For instance, the mouth of one Cichlid species opens on the left side and they feed on the scales on the right part of their prey, while the jaw of another species opens on the right side and they feed on the scales on the left part of their prey.

Researchers have long been puzzled with this strange mode of evolutionary differentiation. Sympatric (i.e. within the same geographic location) differentiation among the Cichlid species may be explained by sensory drive theory.

At the Institute of Biology of the University of Leiden, the Netherlands, researchers Matrine Maan, Kees Hofker, et al. examined two species of Cichlids — the Pundamilla nyererei and the Pundamilla pundamilla — that were found near the Makobe island, Lake Victoria close to the Tanzanian border.

To date, their study is the most convincing proof supporting the hypothesis of divergent sensory drive speciation. The term ‘divergent sensory drive speciation’ refers to the differentiation of two species that are closely related and driven by sensory perception differences between the populations.

One such pair of species are the P. nyererei and P. pundamilla Cichlids that developed divergent speciation and closely shared the habitat. During mating time, Cichlid females select the males for their bright coloration ands this fact has been well documented.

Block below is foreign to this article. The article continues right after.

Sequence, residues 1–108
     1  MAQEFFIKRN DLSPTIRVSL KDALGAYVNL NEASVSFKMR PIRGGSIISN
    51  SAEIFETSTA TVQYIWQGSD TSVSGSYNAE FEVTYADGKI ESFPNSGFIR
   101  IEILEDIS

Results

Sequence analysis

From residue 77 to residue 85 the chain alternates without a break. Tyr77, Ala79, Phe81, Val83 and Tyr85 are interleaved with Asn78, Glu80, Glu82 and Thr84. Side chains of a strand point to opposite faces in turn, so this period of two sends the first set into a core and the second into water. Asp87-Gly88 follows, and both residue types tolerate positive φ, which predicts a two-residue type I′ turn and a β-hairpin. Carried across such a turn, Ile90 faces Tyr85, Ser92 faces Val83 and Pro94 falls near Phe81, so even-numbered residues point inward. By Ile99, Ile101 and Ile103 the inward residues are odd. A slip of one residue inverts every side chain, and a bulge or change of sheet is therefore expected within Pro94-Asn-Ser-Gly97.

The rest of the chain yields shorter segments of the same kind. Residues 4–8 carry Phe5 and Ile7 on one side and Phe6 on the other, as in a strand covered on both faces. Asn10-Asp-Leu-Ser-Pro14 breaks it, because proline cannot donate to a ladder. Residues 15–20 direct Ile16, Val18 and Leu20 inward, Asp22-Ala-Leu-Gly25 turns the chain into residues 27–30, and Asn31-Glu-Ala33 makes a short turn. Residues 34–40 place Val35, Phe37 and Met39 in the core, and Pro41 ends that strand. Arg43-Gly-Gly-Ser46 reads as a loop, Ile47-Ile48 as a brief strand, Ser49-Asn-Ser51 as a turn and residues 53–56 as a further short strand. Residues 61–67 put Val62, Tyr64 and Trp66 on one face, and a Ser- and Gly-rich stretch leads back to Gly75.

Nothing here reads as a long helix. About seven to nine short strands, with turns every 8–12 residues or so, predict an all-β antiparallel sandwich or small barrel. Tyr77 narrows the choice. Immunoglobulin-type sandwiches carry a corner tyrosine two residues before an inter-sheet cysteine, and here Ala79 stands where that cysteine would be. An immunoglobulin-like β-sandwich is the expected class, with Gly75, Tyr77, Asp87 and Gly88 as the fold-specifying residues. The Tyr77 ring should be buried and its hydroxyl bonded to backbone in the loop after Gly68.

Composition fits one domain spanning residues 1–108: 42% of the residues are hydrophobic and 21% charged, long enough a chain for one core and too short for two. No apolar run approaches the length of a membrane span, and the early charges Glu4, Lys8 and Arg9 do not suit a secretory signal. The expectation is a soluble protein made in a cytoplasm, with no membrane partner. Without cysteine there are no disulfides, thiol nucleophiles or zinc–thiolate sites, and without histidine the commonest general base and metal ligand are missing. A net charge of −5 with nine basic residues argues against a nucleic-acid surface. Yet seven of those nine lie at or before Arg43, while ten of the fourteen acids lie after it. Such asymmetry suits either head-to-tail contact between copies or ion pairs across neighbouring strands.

Based on this evolutionary process, scientists hypothesized that ecological factors that enable female selection of mates along a light gradient reveal the mechanism for quick sympatric speciation. This supports the theory of a divergent sensory drive speciation.

Environment and phenotype

In order to better understand these Cichlid species, their phenotype and environment should be understood first. The presence of particulates has made the Lake Victoria waters murky and turbulent.

Within this environment, short wavelength light (blue) is fully scattered and the spectra characteristics and light intensity change very quickly. The species P. nyererei and P. pundamilla share a habitat ranging between 0.5 M and 7 M in depth.

The spectra of these two micro-environments were first measured by researchers. The team calculated the orange ratios by utilizing the spectral intensity of the 550-700nm (orange red, yellow) range and dividing this by the spectral intensity of the 400-550nm (green, blue, violet) range.

For this kind of field spectra measurement in natural surroundings, the AvaTrek-ABF absorbance spectroscopy field kit equipped with dip probe attachment provides a suitable solution.